Do students have anything to say? Student participation in a whole school approach to sustainability


Today, the first article from Ane Torsdottir’s PhD Research on High School student’s partcipation in schools trying to work within a Whole School Approach in Southern Norway, was published in Environmental Education Research. The article, co-authored by her supervising team with Daniel Olsson, Astrid Sinnes and myself, demonstrates how a questionnaire gauging students’ experiences of participation in decision-making at their school can operationalise student participation in a whole school approach (WSA) to education for sustainable development model.

Some 902 students in three upper secondary schools participated in the study by giving their answers to Likert-scale items developed to tap into their experience of participation in the decision-making at their school.

The students identified four distinct pathways of participation:

(i) School and Leadership,

(ii) Teaching and Learning,

(iii) Community Connections, and

(iv) Student Council.

The results are discussed in the light of focus group interviews with eleven of the participants. The student WSA participation questionnaire proved to be a reliable and valid instrument that, together with the student WSA participation model, can be used by school leaders wanting to increase student participation, and by researchers investigating student participation throughout the whole school.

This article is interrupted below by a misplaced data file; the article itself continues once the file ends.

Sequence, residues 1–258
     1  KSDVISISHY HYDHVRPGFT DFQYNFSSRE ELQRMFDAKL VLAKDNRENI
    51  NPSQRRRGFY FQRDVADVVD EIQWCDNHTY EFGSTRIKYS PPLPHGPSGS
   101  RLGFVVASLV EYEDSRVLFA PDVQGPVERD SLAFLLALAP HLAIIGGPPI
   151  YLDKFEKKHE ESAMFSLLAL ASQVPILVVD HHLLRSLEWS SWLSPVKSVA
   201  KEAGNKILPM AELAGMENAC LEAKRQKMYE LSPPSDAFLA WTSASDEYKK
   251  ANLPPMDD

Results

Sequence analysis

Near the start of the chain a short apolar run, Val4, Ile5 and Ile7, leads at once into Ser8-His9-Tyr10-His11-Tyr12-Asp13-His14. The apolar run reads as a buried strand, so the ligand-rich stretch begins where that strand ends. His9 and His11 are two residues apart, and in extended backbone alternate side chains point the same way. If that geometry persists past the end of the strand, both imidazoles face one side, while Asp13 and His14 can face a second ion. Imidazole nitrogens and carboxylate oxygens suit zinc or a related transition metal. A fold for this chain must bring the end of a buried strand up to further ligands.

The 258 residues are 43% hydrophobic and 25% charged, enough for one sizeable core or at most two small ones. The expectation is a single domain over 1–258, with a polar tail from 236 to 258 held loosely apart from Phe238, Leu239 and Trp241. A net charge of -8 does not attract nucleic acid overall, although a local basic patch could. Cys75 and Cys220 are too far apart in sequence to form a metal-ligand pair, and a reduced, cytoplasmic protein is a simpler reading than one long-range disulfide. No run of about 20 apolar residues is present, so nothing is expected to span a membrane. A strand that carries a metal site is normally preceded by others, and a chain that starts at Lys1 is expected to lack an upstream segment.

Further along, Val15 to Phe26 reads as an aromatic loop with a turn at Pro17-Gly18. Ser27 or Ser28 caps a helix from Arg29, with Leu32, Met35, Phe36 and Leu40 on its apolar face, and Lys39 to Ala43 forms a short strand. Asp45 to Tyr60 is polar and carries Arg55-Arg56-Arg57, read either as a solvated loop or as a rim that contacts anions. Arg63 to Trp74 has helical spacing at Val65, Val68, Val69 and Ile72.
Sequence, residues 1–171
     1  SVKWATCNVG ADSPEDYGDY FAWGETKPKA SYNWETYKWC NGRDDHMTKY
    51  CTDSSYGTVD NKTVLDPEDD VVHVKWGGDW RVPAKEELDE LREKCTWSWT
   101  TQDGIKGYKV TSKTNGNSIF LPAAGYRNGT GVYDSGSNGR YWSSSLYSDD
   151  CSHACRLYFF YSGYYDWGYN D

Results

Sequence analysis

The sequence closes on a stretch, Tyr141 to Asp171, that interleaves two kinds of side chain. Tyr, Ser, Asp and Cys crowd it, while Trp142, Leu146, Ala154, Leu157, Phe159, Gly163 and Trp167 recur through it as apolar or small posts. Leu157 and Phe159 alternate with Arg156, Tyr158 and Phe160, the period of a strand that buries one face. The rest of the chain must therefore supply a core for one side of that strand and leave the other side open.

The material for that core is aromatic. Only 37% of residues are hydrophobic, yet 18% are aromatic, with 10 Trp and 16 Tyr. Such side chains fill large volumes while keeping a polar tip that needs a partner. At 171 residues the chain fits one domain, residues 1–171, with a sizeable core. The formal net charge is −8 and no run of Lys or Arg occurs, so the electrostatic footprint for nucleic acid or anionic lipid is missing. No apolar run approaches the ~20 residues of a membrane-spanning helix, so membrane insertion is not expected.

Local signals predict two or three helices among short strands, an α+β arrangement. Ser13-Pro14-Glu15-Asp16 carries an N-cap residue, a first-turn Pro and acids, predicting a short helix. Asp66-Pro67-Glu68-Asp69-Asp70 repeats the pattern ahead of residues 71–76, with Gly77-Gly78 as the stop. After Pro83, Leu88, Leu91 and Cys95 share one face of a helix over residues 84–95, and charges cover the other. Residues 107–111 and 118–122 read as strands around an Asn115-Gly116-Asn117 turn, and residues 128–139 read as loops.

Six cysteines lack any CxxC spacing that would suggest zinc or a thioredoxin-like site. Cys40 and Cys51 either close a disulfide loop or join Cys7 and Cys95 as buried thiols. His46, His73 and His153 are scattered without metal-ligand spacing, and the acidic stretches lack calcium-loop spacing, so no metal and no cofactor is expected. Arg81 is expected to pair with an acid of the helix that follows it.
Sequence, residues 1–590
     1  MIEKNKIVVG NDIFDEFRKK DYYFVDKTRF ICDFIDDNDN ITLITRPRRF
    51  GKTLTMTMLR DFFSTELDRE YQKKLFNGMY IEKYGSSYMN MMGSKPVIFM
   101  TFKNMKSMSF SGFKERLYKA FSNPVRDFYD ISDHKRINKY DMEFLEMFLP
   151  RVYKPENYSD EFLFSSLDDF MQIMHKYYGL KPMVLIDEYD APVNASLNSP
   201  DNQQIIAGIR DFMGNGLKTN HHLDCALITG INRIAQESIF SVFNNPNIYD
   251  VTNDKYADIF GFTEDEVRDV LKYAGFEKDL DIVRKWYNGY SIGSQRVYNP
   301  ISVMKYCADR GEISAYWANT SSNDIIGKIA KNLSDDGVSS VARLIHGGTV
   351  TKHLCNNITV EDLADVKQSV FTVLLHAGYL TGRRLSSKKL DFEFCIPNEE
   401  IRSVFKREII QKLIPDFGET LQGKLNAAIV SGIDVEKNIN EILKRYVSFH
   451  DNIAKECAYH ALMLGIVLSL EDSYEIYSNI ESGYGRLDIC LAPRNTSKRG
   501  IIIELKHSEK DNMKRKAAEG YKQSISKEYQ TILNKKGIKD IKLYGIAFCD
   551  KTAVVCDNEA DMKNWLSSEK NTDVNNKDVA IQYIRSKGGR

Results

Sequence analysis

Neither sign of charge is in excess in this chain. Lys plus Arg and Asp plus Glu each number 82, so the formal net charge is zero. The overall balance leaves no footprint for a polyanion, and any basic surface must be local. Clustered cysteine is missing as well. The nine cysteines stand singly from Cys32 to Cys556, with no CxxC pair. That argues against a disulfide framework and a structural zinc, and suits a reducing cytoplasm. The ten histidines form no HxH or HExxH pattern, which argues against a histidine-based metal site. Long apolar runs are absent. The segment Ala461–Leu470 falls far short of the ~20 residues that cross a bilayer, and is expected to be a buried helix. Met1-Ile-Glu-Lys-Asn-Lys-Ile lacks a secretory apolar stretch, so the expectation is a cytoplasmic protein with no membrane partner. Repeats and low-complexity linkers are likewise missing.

Article link: here

Full citation:Torsdottir A.E, Sinnes A, Olsson D. & Wals, A. (2023) Do students have anything to say? Student participation in a whole school approach to sustainability, Environmental Education Research, DOI: 10.1080/13504622.2023.2213427

While Higher Education is grappling with enormous sustainability challenges Ghent University is about to downsize its successful Green Office

n a time where universities across the globe are trying to figure out how to remain relevant, responsive and responsible in times of climate urgency, biodiversity collapse and rising inequality, Ghent University is about to downsize its infamous Green Office in light of necessary ‘budget cuts’. I have worked with the Ghent Green Office and some of its key members for many years and find it hard to believe. Later this week the university leadership will determine whether it will downsize or continue to fully support some of the most dedicated and capable people and the structures they have created over the years to make sustainability part of the DNA of university and the wider community of Ghent. Together with educators and researchers based at universities across Europe we wrote a letter urging the leadership to rethink its down-sizing plans and to adopt a more visionary and hopeful stance. You can read the letter here: